Defending Yourself From a Florida Foreclosure Part 1
Education and representation
Are we counting down to doomsday?
Sometimes it feels like it. And in the current climate within the court system if it’s not doomsday, it certainly feels like the clock is winding down. 12:01 AM on October 1st, that was the final deadline for the extension provided by Executive Order (EO) 20-211, which was an extension of EO 20-180. This order protected homeowners from foreclosure and renters from eviction if they had been negatively impacted by COVID-19.
From October 1st, we have 45 days for something of a holding period before mortgage foreclosure cause of action can take place. So, we’re looking at mid-November as the real telling time. But in actuality, the court system will most likely be so backed up from foreclosure and eviction cases that most cases won’t see court proceedings until early 2021.
That’s a lot to mull over and none of it is as clear cut as homeowners, attorneys or judges would like it to be. But such are the novel times that we are a part of. All parties involved are just trying to do the best they can with the circumstances.
But what can you, as a homeowner, do if you are facing down a potential foreclosure?
We are here to provide as much detailed information as possible to help you defend yourself from a Florida foreclosure. We have an upcoming 9-part series to address the many trials and tribulations that are no doubt coming to afflict the courts, attorneys and homeowners alike. But our primary focus will be on you: the consumer, the homeowner, the renter, the one with a family to support who was swept over by an unprecedented global pandemic and are now facing the terrible trauma of losing your home.
Where to begin?
We’re going to make this as straightforward and free from jargon as possible so that you can get the help you need when you need it (which is most likely now!)
Step 1. Know your rights.
We’ll go a little deeper on your rights in upcoming blogs, but for now what you can do is:
- Educate yourself on mortgage rights and foreclosure laws in Florida.
- Take a look at your mortgage documents to gain a good understanding of what your lender can do if you fail to make payments.
- Familiarize yourself with EO 20-94 and the subsequent EOs.
- Review Florida laws and pay close attention to Florida Statutes Chapter 702, which deals with foreclosure proceedings.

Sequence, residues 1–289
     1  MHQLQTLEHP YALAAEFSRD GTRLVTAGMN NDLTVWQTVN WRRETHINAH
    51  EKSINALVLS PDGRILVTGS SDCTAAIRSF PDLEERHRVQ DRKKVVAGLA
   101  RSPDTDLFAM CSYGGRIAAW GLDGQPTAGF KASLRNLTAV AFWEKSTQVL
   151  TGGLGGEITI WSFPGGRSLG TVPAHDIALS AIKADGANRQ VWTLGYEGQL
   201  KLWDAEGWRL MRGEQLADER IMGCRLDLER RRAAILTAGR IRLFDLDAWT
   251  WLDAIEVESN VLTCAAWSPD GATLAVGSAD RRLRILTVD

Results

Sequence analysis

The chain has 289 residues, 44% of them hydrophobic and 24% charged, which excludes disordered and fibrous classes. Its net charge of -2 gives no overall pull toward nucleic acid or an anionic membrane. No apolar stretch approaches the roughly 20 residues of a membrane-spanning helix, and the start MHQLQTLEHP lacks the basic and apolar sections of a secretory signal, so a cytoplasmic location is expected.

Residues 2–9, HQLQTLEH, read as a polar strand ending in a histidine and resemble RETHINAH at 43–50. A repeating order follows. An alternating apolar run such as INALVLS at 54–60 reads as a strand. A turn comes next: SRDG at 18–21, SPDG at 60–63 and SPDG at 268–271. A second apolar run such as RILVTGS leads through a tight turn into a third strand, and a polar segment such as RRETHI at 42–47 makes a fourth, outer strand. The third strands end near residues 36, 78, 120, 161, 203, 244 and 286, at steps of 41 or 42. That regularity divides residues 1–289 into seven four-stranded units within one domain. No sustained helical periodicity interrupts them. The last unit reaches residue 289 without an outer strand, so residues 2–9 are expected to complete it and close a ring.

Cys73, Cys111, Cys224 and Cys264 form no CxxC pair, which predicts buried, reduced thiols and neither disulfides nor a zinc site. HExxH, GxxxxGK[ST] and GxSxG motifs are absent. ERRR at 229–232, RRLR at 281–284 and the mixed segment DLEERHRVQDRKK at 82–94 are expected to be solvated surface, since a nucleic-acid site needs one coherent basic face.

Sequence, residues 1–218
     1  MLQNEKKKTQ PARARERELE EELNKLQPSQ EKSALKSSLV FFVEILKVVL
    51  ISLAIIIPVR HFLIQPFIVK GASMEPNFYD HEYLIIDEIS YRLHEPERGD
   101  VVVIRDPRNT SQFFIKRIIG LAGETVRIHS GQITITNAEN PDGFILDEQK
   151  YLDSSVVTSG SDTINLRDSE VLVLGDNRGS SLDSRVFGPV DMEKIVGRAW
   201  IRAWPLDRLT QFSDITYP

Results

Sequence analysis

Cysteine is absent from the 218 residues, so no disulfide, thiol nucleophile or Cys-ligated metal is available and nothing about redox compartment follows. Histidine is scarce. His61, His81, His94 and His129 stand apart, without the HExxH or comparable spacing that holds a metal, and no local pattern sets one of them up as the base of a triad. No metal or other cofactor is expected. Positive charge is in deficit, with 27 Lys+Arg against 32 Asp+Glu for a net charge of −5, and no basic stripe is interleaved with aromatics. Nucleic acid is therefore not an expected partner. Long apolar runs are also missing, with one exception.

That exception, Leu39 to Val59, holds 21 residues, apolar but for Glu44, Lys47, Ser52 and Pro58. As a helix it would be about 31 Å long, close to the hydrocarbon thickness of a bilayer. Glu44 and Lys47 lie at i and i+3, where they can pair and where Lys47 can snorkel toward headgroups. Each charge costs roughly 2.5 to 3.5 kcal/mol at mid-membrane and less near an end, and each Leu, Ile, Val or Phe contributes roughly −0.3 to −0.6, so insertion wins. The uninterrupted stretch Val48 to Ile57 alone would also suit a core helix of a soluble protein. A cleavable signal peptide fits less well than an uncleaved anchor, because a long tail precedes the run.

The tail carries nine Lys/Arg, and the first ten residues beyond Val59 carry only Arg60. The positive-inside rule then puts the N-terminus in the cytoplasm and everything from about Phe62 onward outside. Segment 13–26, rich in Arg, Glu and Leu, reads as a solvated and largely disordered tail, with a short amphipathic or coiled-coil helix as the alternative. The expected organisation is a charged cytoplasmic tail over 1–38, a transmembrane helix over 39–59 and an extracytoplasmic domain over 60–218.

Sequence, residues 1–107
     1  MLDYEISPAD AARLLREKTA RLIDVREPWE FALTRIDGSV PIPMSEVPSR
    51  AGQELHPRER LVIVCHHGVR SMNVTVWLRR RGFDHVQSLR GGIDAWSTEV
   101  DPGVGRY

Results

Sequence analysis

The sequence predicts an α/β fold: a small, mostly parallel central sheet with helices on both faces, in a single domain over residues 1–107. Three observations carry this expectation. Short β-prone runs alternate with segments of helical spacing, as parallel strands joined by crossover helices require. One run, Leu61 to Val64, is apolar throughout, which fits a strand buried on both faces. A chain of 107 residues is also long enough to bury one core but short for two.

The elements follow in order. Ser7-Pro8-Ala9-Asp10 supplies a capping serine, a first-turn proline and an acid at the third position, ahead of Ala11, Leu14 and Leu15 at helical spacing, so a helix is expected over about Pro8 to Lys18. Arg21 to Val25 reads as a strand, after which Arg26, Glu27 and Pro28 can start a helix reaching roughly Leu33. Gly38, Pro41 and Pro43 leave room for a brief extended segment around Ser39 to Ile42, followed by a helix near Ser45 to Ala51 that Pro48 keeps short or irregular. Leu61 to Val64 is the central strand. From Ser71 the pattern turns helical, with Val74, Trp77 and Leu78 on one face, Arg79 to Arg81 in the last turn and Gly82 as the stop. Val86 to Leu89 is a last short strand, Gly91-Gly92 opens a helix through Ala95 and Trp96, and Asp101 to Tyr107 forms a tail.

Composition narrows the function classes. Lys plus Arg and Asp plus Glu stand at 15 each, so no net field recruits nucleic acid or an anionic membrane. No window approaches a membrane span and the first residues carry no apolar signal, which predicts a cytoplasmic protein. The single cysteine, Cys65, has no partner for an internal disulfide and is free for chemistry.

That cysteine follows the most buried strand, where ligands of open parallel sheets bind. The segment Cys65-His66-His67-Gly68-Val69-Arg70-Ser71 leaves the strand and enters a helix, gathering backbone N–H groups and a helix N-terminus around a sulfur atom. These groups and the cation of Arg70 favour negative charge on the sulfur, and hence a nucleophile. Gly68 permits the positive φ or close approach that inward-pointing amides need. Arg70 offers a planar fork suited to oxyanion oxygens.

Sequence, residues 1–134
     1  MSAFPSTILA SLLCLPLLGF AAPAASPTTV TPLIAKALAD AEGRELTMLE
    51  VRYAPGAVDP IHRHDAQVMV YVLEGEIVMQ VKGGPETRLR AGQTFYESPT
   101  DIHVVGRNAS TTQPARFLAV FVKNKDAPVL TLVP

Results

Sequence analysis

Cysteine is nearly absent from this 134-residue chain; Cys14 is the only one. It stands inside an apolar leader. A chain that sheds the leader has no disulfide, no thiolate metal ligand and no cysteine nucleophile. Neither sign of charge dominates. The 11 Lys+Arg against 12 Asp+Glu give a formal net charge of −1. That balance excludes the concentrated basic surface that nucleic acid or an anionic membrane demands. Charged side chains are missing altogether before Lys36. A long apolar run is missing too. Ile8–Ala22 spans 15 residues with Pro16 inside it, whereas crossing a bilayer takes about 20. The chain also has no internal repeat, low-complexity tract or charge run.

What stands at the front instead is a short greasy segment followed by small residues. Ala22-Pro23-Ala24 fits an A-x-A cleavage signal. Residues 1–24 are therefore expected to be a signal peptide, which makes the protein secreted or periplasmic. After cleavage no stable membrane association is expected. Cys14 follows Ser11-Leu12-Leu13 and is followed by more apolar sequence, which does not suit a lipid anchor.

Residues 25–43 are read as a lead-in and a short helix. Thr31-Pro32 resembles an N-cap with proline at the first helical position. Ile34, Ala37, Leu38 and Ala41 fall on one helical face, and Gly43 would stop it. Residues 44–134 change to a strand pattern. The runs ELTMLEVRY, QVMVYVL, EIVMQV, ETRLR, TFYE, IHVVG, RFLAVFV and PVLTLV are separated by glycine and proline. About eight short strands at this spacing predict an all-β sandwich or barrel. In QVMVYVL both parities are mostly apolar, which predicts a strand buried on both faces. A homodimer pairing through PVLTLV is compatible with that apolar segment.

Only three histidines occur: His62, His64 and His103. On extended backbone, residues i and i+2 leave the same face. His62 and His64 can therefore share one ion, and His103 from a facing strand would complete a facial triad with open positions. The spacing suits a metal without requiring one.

Step 2. Hire a lawyer.
Florida is a judicial foreclosure state where plaintiffs must seek approval from a judge in a court of equity. In a court of equity, judges are authorized to apply principles of fairness, rather than a pure cut and dry legal defense. This can work in your favor because the judge can consider acts by your bank or lender that would be unfair. This is all very important when it comes to having a good foreclosure defense attorney.
Bankruptcy attorney or foreclosure defense attorney?
There is a time and place for bankruptcy but if you’re facing a foreclosure, only a foreclosure defense attorney can offer you the help you need. They are intimately familiar with the complex landscape of foreclosures and can help you navigate this treacherous territory. Their knowledge and experience will save you time, help you avoid potential traps and give you the best chances for keeping your home.
A good foreclosure defense lawyer knows when bankruptcy might be the best option, but they will only file bankruptcy as a last resort. You have other options like a loan modification, pursuing loss mitigation and raising defenses that they will pursue doggedly.
Foreclosure is a big and scary topic, but we want to make it as simple and understandable as we can for you. As we continue our 9-part series we will take you through everything you need to know to defend yourself from foreclosure. If, at any point, you have questions or concerns, you can always reach out to our team at Jacobs Legal. Let us know how we can take care of you through these trying times.